Moroccan anger over Western Sahara baffles Sweden

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Article Summary
The Moroccan government has called for an economic boycott against Sweden for allegedly changing its position to back Western Saharan independence.

RABAT, Morocco — The Moroccan government announced a decision Oct. 1 to boycott Swedish companies, crowning a week of diplomatic tensions driven by Moroccan accusations of a change in Sweden's stance on the Western Sahara, where conflict has been ongoing since 1975, when Spain relinquished colonial rule over the territory and Morocco ultimately seized it. The Polisario Front, representing the indigenous Saharawi people, was founded in 1973 and has been fighting for Western Saharan independence from Morocco and for recognition of the Saharan Arab Democratic Republic (SADR). Rabat believes that Sweden, after being neutral on the conflict, is now biased in favor of Western Saharan independence.

According to official Moroccan sources who spoke to Al-Monitor on condition of anonymity, information they had received about the Swedish government’s intention to soon acknowledge an independent Saharan republic was the straw that broke the camel’s back. On Sept. 28, the Royal Palace called on Prime Minister Abdelilah Benkirane to hold an urgent meeting of the leaders from the main political parties and unions to discuss how to politically, diplomatically and economically express the state's displeasure with the Swedes. Later that day, authorities announced the cancellation of the opening of what would have been the first IKEA store in the country, near Mohammedia City.

The issue became a field day for the official, pro-government press, which sharply criticized the Swedish government and the European left in general for their alleged sympathies in favor of Western Sahara's right to self-determination. The Moroccan official news agency, Maghreb Arabe Press (MAP), steadily ran reactions from party activists and Moroccan and foreign policy experts condemning Sweden’s alleged support for a Western Sahara independent of Morocco. Fouad Arif, a correspondent for MAP, described this step as “diplomatic nonsense.”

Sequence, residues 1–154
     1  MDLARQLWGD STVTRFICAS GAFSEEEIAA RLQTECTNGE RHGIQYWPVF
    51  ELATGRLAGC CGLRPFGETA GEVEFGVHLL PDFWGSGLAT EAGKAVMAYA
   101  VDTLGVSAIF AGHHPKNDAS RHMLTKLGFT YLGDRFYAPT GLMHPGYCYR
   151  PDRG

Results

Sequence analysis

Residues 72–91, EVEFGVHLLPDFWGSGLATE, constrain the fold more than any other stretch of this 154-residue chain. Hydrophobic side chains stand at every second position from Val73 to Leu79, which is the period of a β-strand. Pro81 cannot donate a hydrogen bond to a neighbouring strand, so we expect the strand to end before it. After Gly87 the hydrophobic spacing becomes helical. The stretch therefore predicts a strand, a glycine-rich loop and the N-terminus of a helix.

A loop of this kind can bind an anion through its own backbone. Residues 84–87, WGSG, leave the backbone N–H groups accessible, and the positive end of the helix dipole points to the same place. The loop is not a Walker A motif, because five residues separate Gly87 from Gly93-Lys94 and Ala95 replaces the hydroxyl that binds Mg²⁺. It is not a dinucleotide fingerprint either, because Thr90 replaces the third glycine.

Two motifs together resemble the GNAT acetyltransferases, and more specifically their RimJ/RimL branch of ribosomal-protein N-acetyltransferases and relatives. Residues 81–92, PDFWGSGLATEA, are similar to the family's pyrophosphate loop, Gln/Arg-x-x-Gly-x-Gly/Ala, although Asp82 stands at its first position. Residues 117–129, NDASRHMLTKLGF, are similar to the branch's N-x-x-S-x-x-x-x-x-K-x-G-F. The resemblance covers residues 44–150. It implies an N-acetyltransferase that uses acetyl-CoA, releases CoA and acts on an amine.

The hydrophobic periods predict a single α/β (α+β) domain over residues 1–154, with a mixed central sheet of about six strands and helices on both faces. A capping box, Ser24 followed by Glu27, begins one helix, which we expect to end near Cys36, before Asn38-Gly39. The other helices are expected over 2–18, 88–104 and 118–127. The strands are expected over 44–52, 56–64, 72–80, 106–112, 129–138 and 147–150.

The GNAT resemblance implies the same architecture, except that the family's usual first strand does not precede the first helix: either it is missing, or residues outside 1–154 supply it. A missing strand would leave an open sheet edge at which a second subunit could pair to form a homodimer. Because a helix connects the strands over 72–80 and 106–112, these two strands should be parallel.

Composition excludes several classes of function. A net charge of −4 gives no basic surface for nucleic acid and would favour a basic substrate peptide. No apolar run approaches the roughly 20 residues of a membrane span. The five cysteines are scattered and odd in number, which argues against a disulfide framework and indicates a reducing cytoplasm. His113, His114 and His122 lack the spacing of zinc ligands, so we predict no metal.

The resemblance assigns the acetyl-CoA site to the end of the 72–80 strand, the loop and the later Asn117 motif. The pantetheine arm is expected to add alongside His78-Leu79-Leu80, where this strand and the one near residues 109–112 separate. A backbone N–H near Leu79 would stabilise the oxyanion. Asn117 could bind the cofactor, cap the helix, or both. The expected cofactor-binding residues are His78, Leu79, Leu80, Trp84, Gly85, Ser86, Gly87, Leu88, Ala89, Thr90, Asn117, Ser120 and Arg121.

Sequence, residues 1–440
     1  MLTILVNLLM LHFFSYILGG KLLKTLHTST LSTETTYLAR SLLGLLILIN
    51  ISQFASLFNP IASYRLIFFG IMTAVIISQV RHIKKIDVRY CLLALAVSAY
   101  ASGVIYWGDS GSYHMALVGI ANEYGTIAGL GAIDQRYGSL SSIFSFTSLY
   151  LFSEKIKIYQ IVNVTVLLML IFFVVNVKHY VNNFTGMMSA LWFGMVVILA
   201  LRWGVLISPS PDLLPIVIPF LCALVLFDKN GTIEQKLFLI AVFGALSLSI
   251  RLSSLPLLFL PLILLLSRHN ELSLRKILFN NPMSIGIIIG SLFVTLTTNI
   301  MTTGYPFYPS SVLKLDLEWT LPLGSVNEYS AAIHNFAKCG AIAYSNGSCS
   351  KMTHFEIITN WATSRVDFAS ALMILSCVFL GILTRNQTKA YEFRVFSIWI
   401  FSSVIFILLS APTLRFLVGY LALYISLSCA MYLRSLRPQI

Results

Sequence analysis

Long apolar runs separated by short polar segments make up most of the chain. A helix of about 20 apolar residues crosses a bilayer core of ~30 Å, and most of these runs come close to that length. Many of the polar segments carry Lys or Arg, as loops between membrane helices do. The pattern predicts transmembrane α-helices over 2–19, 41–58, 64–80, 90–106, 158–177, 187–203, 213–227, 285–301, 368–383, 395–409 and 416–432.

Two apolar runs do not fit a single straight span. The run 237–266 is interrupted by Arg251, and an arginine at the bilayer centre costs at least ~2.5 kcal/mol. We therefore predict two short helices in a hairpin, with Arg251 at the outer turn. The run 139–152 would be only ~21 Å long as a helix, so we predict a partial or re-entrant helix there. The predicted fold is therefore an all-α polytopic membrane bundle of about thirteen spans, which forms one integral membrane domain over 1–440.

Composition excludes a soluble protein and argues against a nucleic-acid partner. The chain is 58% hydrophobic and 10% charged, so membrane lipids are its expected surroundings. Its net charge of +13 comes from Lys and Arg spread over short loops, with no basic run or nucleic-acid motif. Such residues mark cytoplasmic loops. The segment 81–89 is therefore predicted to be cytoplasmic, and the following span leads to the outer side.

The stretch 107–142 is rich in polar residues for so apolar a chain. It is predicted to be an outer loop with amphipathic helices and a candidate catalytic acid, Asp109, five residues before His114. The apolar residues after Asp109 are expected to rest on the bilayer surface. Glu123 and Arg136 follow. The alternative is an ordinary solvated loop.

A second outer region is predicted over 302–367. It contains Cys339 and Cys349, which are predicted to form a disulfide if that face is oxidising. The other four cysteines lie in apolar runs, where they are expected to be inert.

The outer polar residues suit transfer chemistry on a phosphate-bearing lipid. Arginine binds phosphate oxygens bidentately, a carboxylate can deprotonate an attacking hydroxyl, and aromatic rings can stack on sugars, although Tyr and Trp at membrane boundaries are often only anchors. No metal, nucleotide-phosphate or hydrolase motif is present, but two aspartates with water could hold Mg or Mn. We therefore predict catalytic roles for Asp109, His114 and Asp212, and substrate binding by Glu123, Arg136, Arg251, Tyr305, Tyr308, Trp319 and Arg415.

On Oct. 4, thousands of Moroccans staged a protest in front of the Swedish Embassy in Rabat in response to calls from associations openly affiliated with local authorities. Al-Monitor noticed that many of the demonstrators had arrived from different cities in chartered buses. The official media in Morocco covered the event as a spontaneous public response to Sweden's position, while other news outlets, such as the Swedish Expressen, claimed the protest was directed by the Moroccan government.

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The reasons behind Morocco's sudden outrage remain unclear. The Swedish government's stance on the Western Sahara conflict has remained unchanged since December 2012, when the leftist parliament of democrats, socialists, communists and Greens voted in favor of acknowledging the SADR and asked the government to abide with that outcome. Immediately thereafter, the government informed Moroccan authorities that it planned to review its policies vis-a-vis the Western Sahara before making any decision.